Improving the Use of Uncertain Climate Information in Decision-Making: A Behavioral Psychology Approach
Climate change information is often presented with a range of uncertainty about the extent of potential risks and the impacts of those risks. These uncertainties can become a barrier to the uptake and use of climate information to inform decisions, raising questions about people’s perception and planning in an environment of uncertainty, risk, and gaps in knowledge. Effective communication of climate science under uncertainty remains an ongoing challenge. Shortcomings of current approaches to climate change communication include the focus on uncertainty and the use of scientific language. Applying knowledge from other disciplines such as psychology, behavioral economics, risk analysis, and other fields may enhance/transform climate change communication, including “climate services.”
This report from the USAID-funded Adaptation Thought Leadership and Assessments (ATLAS) project examines the results of a study by the Climate System Analysis Group (CSAG) at the University of Cape Town that applied principles from behavioral psychology to explore decision-making with uncertain climate information and the utility of these principles for influencing decision-makers to use uncertain climate information. The report provides an overview of relevant literature, outlines the methodology and results of the study, and offers insights on how using co-learning methods can break through some of the communication barriers The report also provides recommendations on how to engage decision-makers on climate change issues by: (1) framing climate information in ways that are consistent with the principles for decision-making within a sector; (2) providing information that resonates with the backgrounds, characteristics, and real-world experiences of decision-makers; (3) targeting the experiential processing system through examples of climate impacts that are concrete, personalized, and vivid; and (4) acknowledging that information alone will be insufficient to change behavior.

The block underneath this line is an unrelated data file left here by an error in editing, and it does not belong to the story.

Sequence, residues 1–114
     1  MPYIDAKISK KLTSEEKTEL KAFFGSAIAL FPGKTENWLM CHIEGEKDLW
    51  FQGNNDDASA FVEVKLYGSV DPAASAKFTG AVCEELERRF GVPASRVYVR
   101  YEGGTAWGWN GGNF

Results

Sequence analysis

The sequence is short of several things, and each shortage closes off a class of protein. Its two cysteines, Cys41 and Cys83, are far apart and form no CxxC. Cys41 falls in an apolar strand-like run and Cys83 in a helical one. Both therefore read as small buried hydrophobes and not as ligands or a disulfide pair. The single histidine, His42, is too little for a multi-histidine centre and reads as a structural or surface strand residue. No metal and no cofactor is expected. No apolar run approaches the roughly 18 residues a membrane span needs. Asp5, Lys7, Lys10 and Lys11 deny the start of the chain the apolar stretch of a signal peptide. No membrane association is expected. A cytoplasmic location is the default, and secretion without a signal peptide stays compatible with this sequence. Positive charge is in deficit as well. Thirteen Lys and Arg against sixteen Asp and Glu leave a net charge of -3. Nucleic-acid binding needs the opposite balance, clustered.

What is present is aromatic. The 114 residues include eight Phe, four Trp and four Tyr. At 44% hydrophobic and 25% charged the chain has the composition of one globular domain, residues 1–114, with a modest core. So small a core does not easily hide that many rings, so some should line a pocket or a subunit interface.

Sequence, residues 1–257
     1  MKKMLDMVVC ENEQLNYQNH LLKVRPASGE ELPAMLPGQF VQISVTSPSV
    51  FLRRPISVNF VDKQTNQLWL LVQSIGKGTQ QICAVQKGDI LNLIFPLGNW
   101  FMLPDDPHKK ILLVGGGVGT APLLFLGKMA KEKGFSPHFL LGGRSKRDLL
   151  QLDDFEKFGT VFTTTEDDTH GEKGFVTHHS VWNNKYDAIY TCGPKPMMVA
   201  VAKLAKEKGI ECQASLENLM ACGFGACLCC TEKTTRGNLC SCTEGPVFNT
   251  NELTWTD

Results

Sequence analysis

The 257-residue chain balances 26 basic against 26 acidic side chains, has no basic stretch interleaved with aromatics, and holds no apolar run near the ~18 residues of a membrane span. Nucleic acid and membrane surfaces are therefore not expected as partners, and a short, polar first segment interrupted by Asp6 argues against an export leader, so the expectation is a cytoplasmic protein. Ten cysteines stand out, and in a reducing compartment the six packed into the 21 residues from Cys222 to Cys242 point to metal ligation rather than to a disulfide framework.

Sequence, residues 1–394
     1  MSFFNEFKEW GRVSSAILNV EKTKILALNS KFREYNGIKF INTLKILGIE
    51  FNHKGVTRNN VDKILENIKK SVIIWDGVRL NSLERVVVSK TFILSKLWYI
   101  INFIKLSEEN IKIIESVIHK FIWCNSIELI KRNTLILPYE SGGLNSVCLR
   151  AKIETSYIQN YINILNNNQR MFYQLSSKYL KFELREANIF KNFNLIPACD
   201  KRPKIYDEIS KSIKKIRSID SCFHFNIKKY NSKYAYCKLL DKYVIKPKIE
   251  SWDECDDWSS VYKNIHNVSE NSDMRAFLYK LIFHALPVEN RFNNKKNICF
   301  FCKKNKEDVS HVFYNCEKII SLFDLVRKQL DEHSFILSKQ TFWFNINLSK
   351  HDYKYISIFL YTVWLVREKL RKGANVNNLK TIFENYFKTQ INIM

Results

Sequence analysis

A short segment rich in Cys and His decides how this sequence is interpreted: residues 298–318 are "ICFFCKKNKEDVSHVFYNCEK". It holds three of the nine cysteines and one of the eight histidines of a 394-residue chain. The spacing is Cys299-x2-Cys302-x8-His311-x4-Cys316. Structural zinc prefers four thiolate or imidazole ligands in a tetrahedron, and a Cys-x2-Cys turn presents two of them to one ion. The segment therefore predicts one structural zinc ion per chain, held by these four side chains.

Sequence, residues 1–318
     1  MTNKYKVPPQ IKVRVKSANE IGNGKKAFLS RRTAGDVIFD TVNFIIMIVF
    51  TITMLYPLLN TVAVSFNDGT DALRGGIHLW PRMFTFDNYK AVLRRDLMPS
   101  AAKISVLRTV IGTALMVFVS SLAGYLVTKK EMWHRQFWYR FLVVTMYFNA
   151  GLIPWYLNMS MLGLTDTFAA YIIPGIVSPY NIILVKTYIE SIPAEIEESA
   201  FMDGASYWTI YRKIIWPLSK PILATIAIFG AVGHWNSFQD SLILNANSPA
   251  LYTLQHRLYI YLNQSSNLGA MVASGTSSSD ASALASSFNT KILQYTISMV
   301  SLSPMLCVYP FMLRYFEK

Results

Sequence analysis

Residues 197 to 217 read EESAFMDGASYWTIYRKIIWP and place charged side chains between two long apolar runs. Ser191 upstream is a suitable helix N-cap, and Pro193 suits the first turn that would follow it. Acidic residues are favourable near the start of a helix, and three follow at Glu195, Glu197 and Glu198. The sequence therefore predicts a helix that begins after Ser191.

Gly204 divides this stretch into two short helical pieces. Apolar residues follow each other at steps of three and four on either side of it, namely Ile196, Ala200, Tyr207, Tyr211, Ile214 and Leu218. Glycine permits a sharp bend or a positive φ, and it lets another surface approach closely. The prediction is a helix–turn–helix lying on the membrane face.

This report is accompanied by a forthcoming policy brief summarizing the main findings, and a detailed literature review on psychological concepts that may inform decision-making processes under uncertainty.